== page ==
Julian: There’s so much data out there, the key is getting the right information to the right person at exactly the right time. How are the team going about that?

      Paul Steinberg, CTOPaul: Yes, with such an amazing amount of data available, getting the right information to first responders is a certainly a key challenge. When developing technology for first responders High Velocity Human Factors (HVHF) are a core principle. The more stress you’re under, the less ability you have to focus on anything other than the situation that’s causing you stress. The ironic thing is, the more you need the technology, the less ability you have to cope with what you need.


      Julian: That also brings in the importance of sensors – sensing when officers are in stressful situations without them actually telling you.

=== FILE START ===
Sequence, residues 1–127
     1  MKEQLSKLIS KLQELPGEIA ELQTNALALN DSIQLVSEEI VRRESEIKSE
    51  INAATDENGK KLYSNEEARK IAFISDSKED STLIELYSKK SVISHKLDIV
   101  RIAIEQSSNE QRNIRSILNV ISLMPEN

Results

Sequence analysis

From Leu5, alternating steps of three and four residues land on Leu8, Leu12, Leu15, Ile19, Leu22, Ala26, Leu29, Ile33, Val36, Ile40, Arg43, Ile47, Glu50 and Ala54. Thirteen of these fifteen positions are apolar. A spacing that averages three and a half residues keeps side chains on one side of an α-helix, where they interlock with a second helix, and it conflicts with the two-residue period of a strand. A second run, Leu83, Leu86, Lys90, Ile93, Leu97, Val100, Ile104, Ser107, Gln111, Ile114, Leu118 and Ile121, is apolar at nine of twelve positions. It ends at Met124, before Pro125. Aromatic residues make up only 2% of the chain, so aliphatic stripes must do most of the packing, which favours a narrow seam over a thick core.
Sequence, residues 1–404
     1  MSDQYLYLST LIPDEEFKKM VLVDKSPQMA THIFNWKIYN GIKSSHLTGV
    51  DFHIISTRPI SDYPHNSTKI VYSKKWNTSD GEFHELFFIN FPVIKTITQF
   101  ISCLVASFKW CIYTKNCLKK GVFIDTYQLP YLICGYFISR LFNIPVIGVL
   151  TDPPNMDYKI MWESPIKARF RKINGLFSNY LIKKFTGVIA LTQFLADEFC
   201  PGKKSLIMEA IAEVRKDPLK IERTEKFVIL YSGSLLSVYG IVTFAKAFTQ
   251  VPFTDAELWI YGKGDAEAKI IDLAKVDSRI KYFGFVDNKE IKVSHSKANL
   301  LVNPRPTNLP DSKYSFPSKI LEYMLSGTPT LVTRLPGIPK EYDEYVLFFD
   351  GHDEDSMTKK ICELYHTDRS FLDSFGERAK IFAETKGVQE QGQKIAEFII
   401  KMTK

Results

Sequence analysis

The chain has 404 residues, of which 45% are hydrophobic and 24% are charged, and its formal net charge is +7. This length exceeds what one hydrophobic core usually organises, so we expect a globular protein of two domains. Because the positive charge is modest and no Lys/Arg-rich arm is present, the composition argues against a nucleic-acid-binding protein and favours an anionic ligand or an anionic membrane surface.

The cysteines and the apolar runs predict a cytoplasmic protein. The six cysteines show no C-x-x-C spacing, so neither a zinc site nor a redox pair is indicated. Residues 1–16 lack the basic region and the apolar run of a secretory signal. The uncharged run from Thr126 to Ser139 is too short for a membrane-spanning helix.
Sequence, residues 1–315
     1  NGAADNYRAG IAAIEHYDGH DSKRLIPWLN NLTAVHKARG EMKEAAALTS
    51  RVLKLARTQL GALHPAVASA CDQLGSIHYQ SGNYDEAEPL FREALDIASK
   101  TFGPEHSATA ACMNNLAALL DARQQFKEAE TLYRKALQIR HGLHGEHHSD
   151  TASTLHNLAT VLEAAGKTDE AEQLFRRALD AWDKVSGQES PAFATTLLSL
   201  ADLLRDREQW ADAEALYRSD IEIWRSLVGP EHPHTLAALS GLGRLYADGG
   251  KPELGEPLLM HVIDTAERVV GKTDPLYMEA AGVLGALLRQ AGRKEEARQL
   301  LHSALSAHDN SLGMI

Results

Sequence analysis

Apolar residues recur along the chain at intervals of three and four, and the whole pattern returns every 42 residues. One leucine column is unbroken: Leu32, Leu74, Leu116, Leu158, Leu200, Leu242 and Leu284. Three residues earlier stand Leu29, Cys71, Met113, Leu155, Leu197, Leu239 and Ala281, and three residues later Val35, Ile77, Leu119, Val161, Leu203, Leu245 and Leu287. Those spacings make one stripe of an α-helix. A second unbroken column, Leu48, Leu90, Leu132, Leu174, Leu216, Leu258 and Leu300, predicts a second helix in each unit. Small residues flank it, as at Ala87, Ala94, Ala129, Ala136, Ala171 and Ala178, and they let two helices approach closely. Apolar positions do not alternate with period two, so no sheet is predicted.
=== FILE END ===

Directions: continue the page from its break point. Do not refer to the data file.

Paul: Absolutely right, we’re all walking Internet of Things with biometrics sensors, cameras, audio pickup devices, and environmental sensors. The trick is to fuse all of that together and make sense of it in the moment, in real-time, to discern the context of the individual. What’s the right piece of information you give them? How can our technology best help them in that precise moment?

      Julian: So, this isn’t just a story of data. It’s one of analytics, data and devices working together?

      Paul: Absolutely. As we discussed earlier, there’s prolific amounts of data out there. I think we’ve crossed over 15 zettabytes in the digital universe which is an enormous amount of raw material that feeds analytics and intelligence. But it always comes back to the human being. How do we get that information to them in the most usable way? That brings us back to the devices and technology that we carry the information on.


      Mission Critical Intelligence


      Julian: Where do you see all of this going?